Much as people claim to desire originality above all else, you just can't deny the allure of what's familiar to us. Whether it's our own personal nostalgia or just something rooted in the cultural consciousness, like Batman or Snow White, it's always nice to be able to come "home" to things like that, isn't it?
"Yes"? "No"? "Zetta, get to the point already before I hit the back button"?
Okay, okay, give me a minute! Golly.
Now, I should probably mention first that though I am going to talk about them for a bit, just a bit!, this blog is actually going to have very little to do with Compile Heart or their products. In fact, the main subject of discussion is in the title, so bear with me while I tell a brief story to get the ball rolling.
With that said, guess what! Compile Heart has a new Vita game coming out. Hold your shock for a second, please. This one, though, is a collaboration with Dengeki Bunko and Dengeki PlayStation. The former is a publishing company that handles magazines and light novels, and some of you probably have seen or heard of adaptations of some of the latter, or at least played or heard of the crossover video game starring some of the heroines starring in some of said light novels.
Dengeki PlayStation, meanwhile, is a related magazine that focuses on PlayStation products, and often promotes Compile Heart and Idea Factory's in their pages. This is now to the point that there is even an official character based on the Dengeki magazines and brand that went from NPC to playable character in the Neptunia series, making her one of the first two to be based off of magazine publications rather than a game console, game series, or game developer.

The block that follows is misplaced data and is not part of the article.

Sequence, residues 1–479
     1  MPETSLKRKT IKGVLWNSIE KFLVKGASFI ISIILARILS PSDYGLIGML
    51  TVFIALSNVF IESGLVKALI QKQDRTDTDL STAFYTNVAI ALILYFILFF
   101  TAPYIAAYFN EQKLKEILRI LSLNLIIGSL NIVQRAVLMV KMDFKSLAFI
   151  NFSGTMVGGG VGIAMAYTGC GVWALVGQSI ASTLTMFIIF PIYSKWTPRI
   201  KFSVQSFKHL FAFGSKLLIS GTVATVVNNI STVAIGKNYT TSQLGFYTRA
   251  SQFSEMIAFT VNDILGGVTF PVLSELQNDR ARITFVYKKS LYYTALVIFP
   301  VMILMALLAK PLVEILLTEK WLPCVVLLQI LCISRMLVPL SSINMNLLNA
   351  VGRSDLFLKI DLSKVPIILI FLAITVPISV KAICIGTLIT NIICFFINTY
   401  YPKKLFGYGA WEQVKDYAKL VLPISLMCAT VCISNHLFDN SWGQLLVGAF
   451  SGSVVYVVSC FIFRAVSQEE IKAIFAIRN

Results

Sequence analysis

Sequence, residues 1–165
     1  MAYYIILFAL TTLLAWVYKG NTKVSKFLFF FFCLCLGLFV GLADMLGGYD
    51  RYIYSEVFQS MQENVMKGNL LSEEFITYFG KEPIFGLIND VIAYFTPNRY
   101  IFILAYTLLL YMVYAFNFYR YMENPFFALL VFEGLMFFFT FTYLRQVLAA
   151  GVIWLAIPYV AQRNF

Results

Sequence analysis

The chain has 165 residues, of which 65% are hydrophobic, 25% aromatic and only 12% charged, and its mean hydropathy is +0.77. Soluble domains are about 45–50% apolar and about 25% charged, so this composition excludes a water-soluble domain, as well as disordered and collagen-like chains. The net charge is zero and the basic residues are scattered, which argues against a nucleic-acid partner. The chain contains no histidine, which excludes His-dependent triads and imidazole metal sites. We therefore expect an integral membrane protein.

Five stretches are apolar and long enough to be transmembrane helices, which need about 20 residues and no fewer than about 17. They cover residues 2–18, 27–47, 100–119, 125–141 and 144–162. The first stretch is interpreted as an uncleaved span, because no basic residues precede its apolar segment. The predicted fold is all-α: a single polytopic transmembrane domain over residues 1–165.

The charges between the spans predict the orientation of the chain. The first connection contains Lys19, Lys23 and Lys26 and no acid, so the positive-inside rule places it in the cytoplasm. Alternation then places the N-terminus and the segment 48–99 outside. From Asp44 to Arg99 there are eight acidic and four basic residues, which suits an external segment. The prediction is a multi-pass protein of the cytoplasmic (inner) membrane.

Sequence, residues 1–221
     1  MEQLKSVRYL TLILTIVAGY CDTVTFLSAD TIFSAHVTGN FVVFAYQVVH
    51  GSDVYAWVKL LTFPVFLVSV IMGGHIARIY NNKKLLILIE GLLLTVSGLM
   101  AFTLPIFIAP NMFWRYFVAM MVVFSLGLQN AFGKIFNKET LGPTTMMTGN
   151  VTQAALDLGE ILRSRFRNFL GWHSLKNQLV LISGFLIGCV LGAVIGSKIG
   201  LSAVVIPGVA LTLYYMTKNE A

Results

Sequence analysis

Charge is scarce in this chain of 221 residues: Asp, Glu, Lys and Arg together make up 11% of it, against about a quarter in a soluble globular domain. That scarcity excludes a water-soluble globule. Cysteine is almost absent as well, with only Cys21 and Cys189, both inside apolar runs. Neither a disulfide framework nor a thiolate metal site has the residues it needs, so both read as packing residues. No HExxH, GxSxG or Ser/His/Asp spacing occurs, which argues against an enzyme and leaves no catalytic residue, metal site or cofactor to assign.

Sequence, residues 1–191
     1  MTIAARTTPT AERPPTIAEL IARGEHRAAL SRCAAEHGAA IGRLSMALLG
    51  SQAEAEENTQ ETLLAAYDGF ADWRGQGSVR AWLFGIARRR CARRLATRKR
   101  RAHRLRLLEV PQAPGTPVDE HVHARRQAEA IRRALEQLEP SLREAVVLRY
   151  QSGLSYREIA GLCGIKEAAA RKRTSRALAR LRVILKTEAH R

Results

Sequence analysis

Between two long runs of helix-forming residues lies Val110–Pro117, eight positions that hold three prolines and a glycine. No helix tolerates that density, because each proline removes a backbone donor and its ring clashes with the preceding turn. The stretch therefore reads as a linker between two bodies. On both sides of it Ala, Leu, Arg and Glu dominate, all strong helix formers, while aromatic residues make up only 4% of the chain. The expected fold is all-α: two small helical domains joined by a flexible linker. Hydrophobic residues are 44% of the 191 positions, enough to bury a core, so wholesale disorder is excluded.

With the introductions out of the way, let's talk about the new game so we can then talk about how it relates to the bigger picture here. The game is called Kankoukutou Mary Skelter, or Divine Prison Tower Mary Skelter, and seems to be about a bunch of Dengeki-slash-Compile Heart versions of fairy tale characters all trapped together in an asylum. It's toeing a peculiar line between seeming like it could be really dark and like it's probably going to be about as dark as some of the works in Dengeki Bunko tend to be, despite the visuals and setting appearing fairly grim and spoopy.
And to be fair, these works could be anything from Sword Art Online or The Devil is a Part Timer to Durarara!! or Baccano!, so who knows what audience they might be aiming for? Well, setting aside the lone male protagonist and the girls, anyway.
I've been following Mary Skelter with... mild interest, I guess? Of Compile Heart's upcoming titles, the only one that I think I'm really particularly interested in is Black Rose Valkyrie, though the new Neptunia spinoff about MMOs might finally get me back to that series, depending.
That changed today.
There I was, perusing Gematsu for news this morning as I headed out, when I came across the following headline.
Suddenly, just like that, before I knew it, nay, before I had even opened the article... I had transformed!